Supporting Diversity at White House Demo Day in D.C.
Originally published via CrunchBase 8/6/2015
This week, I visited Washington D.C. to support diversity in the entrepreneurial community.
We recognize the importance of diversity in the startup ecosystem. In March, CrunchBase began a comprehensive study of women startup founders by expanding our dataset to include gender for the periods of 2009–2014. Our first two reports on female founders led to a collaboration between CrunchBase and the National Venture Capital Association (NVCA) spearheaded by Kate Mitchell, Partner & Co-founder at Scale Venture Partners who recently published Diversity in Venture Capital — A National Conversation.
In Washington D.C., we met with the NVCA to discuss initiatives that foster greater opportunity for women and underrepresented minorities in the startup ecosystem. In collaboration with NVCA and Dow Jones, the 2015 Venture Census survey is the first step in our partnership to help measure diversity.
We also had the honor of attending the first-ever White House Demo Day, hosted by President Barack Obama. There were over 40 entrepreneurs invited from across the U.S. to hold exhibits at the White House, where they joined President Obama to pitch their ideas — including an exhibit from TechCrunch Disrupt finalist PartPic.
The White House State Floor was transformed into an exhibition space where entrepreneurs demonstrated their products to guests and members of the White House Office of Science and Technology Policy (OSTP). Attendees included Presidential Ambassadors for Global Entrepreneurship, leaders in business, philanthropy and nonprofit sector — including:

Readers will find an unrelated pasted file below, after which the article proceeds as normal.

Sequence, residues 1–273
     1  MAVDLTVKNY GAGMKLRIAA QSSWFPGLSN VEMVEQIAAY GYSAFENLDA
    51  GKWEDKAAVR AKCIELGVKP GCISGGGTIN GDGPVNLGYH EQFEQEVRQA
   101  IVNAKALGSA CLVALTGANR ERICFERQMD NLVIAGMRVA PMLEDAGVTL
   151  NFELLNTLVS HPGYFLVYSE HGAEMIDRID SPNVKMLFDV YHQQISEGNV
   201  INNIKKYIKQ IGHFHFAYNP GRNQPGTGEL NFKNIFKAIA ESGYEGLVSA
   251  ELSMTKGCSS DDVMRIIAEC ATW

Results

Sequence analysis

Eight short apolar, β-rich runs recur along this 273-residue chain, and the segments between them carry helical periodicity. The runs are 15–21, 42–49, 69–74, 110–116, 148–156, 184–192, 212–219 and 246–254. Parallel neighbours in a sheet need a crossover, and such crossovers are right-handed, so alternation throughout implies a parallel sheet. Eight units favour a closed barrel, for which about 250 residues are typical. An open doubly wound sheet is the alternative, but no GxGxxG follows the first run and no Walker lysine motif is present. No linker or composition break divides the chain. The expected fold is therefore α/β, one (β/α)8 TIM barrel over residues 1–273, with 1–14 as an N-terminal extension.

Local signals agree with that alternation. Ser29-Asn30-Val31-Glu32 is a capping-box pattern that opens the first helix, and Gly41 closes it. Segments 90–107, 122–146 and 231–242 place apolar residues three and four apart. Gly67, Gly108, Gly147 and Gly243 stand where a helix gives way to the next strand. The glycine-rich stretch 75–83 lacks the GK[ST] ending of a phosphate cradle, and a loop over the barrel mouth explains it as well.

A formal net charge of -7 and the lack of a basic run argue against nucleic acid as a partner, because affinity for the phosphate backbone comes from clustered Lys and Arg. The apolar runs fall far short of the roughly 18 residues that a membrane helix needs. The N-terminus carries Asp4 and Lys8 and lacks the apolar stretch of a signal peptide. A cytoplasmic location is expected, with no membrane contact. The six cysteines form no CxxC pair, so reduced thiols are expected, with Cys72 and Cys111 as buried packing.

- Kate Mitchell, Partner & Co-founder at Scale Venture Partners
- Megan Smith, CTO, White House Office of Science & Technology Policy
- Steve Case, Chairman and CEO, Revolution
- Daymond John, Founder, President and CEO, FUBU
- Kay Koplovitz, Founder, USA Network
- Bobby Franklin, President and CEO, National Venture Capital Association
- Evan Sharp, Co-Founder, Pinterest
President Obama’s speech focused on the importance of entrepreneurship in the U.S., referencing women and underrepresented minorities.
“Right now, one study shows that fewer than 3 percent of venture capital-backed companies have a woman as their CEO…and fewer than 1 percent have an African American founder. Yet we’ve seen again and again that companies with diverse leadership often outperform those that don’t.”
A growing number of companies like Pinterest and Intel have recognized this and are taking a larger initiative, including over 40 leading venture capital firms who have pledged to do more to track and hire women, underrepresented minorities and veterans, Obama cited.
“We’ve got to make sure that everybody is getting a fair shot — the next Steve Jobs might be named Stephanie or Esteban,” he said.
The event was not limited to just those attending the White House — entrepreneurs, universities, and more were encouraged to host their own Demo Day events and tune-in to a live stream.